On this page:
- A Safe to Fit Your Needs and Your Budget
- Benefits of a Security Safe
- Factors Affecting Cost
- What’s Involved with Buying and Installing a Safe?
- Things to Do Before the Safe Arrives
- Cost Comparisons
- Level of Difficulty
- Find a Pro
While your most valuable assets, such heirloom jewelry and rare coins, might be more secure in a safe deposit box, a home safe is great way to protect deeds, passports, other valuable documents and -- yes -- limited amounts of cash. It isn’t only burglars you have to worry about; you can lose important papers to fires, floods and other disasters as well. Home safes come in various sizes and are rated for various levels of protection, so you have plenty of choices.
A Safe to Fit Your Needs and Your Budget
You need a safe that’s big enough to handle what you want to put in it, but you don’t want to overdo it. Large safes are more expensive and more difficult to move around. To size the safe, put the items you need to store in it in a pile, then measure the approximate dimensions to get the safe’s storage capacity in cubic feet or inches. Safe dealers recommend adding at least 25 percent to the capacity to ensure you have room for items you may add in the future.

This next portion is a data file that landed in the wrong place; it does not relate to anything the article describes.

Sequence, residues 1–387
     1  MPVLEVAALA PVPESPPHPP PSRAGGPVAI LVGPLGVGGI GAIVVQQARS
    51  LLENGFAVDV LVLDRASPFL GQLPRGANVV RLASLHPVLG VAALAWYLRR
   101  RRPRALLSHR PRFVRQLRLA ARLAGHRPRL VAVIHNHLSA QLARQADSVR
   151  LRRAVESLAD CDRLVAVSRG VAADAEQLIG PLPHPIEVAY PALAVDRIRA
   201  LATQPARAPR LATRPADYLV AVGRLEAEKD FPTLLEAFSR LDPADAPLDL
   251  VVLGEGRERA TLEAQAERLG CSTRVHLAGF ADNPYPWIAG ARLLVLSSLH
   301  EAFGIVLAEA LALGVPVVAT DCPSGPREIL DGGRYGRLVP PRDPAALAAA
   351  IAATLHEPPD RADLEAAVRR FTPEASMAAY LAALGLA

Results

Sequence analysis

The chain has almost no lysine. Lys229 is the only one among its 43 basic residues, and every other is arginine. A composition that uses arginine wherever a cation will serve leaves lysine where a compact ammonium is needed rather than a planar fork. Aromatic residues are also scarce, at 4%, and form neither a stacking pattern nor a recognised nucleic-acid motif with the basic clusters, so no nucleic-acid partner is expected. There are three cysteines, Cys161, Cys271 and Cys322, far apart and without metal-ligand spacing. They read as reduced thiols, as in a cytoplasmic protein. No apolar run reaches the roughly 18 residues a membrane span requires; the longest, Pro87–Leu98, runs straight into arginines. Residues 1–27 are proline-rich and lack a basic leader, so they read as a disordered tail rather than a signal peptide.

Fire, Burglar, and Water Resistance
Fire safes are rated for the length of time they will protect your valuables from a fire. A lower number means the inside of the safe remains cooler and that the safe is suitable for more perishable items than one with a higher rating. Safes with lower fire resistance numbers are also generally more water resistant. A security safe is rated by the amount of time it takes a professional safecracker to break into it -- with and without using cutting wheels and power saws. Fire safes are not always burglar-proof, and security safes don’t always protect valuables from fires.
If you want to make it easy for other members of the family to open the safe, you may opt for a keyed lock. Keys are easy to lose, though, and many people opt for combination locks instead. Many safes can be opened with either the key or a combination. The sophistication of the lock mechanism may affect the cost of the safe.
Some safes are freestanding, and once you set one in place, the installation is complete. Others are intended to be bolted to the floor, and still others must be mounted in a wall or in a concrete enclosure in the wall or floor. The amount of work involved with installation is a cost determinant.